investigated from the equilibrium isotherms of propane and
propylene at 20 C. Experimental adsorption data were collected by means of a gravimetric technique, using a McBaintype balance (detailed description has been reported in
Caputo et al. 2004).
2.3 Diffusion measurements
Diffusion measurements for propane and propylene were
performed using the ZLC (Zero Length Column) chromatographic technique (Eic and Ruthven 1988). A very small
amount (1.52.0 mg) of adsorbent was placed in the ZLC
column and equilibrated with sorbate diluted in a helium
flow, to obtain a low concentration required by the ZLC

theory. The desorption was performed by purging with helium at a flow rate high enough to minimize external mass
and heat transfers. Essentially the same diffusion parameters were extracted from the experimental runs under various
purging flow rates, thus confirming kinetically controlled
process. A purge flow rate of 30 cm3 (STP)/min helium was
selected as a standard flow rate for all experiments in this
study. The effluent sorbate concentrations from the ZLC column were measured using a gas chromatograph (HP 5900)
equipped with a FID detector. Details of the experimental
method have been described elsewhere (Eic and Ruthven
1988; Jiang and Eic 2003).

3 Theory
The analysis of the ZLC desorption curve involves solving Fickian diffusion equation with appropriate initial and
boundary condition, i.e., zero concentration of sorbate
species on the surface of the adsorbent particle (Eic and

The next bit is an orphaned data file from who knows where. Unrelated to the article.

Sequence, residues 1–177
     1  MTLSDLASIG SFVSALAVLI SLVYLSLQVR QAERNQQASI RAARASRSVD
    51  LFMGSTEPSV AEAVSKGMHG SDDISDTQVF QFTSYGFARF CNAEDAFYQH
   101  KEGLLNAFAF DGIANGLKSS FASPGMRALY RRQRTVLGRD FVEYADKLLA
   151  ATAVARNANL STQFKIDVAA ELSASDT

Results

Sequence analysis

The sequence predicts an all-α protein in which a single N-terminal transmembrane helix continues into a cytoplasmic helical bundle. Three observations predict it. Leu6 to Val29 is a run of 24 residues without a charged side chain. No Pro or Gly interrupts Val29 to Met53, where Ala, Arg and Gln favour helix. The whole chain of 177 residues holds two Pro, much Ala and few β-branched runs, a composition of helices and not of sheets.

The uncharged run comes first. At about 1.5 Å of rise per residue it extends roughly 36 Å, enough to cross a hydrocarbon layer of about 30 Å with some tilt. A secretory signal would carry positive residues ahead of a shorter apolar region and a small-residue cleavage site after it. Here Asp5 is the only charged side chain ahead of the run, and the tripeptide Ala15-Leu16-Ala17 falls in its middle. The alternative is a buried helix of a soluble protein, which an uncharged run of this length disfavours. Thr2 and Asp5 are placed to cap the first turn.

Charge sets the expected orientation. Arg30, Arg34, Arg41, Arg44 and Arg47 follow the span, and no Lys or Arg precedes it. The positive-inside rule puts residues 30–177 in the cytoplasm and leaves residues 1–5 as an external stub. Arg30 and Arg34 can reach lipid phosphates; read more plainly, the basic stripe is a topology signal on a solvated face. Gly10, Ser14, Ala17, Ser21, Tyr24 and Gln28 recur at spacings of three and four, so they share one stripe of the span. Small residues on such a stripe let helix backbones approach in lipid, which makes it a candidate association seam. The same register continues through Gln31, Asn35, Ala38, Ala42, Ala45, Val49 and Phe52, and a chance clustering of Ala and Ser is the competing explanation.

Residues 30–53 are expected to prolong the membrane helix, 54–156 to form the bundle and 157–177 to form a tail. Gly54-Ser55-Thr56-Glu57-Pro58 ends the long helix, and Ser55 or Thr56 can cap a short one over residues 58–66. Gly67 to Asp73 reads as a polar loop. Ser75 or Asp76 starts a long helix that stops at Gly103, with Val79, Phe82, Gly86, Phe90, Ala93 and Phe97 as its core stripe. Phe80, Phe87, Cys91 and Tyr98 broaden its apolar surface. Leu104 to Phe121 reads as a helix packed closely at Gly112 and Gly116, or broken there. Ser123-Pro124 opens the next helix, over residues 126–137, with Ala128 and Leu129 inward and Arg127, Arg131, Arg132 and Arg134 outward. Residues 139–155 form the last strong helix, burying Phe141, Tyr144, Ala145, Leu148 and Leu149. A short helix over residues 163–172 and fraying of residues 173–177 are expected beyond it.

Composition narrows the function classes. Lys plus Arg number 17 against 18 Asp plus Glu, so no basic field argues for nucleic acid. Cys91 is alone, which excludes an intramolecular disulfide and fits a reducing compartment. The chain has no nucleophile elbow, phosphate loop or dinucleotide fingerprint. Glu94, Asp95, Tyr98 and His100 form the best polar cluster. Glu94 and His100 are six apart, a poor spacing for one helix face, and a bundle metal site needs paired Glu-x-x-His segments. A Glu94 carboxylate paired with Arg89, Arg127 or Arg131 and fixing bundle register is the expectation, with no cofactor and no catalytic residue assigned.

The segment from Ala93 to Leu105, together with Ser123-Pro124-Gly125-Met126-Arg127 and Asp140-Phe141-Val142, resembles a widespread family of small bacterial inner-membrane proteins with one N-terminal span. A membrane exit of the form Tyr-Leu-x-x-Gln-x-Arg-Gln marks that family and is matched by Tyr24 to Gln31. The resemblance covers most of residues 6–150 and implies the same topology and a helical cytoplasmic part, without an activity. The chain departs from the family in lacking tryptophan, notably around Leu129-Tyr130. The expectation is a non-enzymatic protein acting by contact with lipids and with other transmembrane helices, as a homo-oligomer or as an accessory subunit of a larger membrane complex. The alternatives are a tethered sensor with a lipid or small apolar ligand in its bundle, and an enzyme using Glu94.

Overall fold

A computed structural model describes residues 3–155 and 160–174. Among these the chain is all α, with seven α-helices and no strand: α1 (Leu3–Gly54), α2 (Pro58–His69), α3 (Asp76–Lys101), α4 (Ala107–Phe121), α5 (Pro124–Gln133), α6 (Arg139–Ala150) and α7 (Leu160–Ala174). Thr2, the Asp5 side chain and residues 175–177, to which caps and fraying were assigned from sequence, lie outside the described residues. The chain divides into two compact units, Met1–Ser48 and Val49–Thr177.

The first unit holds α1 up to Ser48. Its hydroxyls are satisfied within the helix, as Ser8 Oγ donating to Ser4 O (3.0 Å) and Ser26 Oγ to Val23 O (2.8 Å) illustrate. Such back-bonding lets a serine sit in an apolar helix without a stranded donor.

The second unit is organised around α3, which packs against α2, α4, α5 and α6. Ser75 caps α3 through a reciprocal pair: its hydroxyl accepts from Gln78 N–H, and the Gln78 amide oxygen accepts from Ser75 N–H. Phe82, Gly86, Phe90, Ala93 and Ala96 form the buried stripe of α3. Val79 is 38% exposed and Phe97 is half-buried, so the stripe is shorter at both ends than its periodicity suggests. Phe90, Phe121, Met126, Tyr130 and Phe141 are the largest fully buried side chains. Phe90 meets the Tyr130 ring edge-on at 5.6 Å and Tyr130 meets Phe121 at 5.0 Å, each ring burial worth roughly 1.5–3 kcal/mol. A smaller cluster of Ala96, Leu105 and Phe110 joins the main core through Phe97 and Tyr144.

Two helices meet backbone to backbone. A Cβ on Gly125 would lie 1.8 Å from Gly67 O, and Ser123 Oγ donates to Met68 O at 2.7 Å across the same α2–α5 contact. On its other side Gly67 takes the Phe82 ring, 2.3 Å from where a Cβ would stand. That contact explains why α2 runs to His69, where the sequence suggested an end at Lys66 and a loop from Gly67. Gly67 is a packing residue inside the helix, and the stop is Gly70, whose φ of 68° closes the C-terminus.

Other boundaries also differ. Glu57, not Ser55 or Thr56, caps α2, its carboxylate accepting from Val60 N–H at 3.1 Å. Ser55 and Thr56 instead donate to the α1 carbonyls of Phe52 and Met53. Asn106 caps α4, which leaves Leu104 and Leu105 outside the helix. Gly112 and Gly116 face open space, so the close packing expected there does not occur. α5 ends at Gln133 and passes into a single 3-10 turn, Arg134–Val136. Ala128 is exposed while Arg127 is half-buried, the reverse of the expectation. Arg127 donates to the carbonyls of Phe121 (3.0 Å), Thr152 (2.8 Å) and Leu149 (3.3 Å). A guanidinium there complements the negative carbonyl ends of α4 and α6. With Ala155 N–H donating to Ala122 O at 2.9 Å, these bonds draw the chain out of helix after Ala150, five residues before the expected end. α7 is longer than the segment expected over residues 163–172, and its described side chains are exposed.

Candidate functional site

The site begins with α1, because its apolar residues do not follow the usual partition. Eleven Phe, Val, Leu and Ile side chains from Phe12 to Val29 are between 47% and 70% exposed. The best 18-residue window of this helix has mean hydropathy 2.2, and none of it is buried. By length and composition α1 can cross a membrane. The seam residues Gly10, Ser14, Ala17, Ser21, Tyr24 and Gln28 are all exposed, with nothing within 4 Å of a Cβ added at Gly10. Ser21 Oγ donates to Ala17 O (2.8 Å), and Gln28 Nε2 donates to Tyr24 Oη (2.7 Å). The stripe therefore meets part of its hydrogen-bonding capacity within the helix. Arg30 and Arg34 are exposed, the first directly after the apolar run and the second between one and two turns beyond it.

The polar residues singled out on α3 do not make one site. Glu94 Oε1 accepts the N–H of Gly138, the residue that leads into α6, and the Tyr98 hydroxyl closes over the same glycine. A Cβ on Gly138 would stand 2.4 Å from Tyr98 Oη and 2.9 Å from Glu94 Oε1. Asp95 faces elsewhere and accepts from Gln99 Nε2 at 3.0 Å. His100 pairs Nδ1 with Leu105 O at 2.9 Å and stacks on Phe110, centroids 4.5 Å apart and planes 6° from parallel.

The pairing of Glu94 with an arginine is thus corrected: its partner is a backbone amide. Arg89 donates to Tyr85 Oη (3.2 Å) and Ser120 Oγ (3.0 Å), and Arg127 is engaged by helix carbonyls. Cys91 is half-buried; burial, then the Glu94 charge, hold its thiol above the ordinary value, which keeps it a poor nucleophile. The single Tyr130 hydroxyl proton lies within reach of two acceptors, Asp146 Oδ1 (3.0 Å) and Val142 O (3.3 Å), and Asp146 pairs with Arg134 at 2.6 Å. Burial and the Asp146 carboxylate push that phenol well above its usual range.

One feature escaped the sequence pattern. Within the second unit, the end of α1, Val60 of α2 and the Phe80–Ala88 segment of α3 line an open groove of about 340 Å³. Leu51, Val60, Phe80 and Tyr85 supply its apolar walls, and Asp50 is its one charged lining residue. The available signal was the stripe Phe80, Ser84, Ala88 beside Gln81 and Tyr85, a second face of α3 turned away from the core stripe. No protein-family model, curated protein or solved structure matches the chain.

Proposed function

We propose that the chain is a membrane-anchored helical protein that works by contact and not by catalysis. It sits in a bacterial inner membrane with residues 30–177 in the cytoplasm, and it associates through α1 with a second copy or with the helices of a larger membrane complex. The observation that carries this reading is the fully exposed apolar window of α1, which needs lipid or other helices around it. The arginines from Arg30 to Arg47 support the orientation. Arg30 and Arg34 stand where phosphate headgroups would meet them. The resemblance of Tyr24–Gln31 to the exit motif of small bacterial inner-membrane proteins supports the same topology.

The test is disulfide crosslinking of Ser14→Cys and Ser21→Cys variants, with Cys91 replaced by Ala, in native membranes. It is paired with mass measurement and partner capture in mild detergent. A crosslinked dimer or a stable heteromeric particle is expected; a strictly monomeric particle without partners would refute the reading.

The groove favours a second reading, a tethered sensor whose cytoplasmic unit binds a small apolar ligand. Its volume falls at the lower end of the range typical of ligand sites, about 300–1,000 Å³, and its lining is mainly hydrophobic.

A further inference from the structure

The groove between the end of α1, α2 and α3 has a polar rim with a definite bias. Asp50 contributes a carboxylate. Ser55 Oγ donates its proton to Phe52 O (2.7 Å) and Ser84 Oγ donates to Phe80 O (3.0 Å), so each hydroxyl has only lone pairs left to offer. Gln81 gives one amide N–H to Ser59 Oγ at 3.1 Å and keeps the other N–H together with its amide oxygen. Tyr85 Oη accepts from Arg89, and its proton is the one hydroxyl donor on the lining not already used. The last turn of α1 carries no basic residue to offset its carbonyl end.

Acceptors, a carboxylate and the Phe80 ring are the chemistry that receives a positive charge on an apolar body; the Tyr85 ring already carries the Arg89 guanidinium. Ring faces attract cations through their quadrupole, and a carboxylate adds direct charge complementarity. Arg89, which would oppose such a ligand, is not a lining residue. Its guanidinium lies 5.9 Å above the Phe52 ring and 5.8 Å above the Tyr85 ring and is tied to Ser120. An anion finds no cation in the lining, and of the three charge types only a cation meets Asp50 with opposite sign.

Ruthven 1988). For a linear equilibrium system with uniform spherical particles the normalized effluent gas concentration is given by:


c
2L
exp(n2 Dt/R 2 )
=
2
co
[n + L(L 1)]

(1)

n=1

where n are eigenvalues given by the root of the equation:


n cot n + L 1 = 0

(2)

and
L=

R2
1
1 purge flow rate R 2
=
3 (1 )z KH D 3 crystal volume K H D

(3)

In (3) is the voidage of the ZLC bed, the interstitial gas


velocity, z the ZLC bed depth, t the time of purging, KH
the dimensionless Henrys Law constant and D/R 2 the diffusion time constant.
For the long time case, (1) can be reduced to a simple exponential decay curve, since only the first term of the summation is significant:
c
exp(1 Dt/R 2 )
= 2L 2
co
[1 + L(L 1)]

(4)

Adsorption (2008) 14: 241246

243

Fig. 1 Propylene (!) and propane (") adsorption isotherms on M1M4 samples at 20 C

A plot of ln(c/co ) versus t should produce a linear asymptote in the long time region, and from the slope and intercept
the parameters D/R 2 and L can be extracted.

4 Results and discussion


4.1 Adsorption equilibrium isotherms
The adsorption isotherms at 20 C showed that all the samples exhibited a greater adsorption capacity for propylene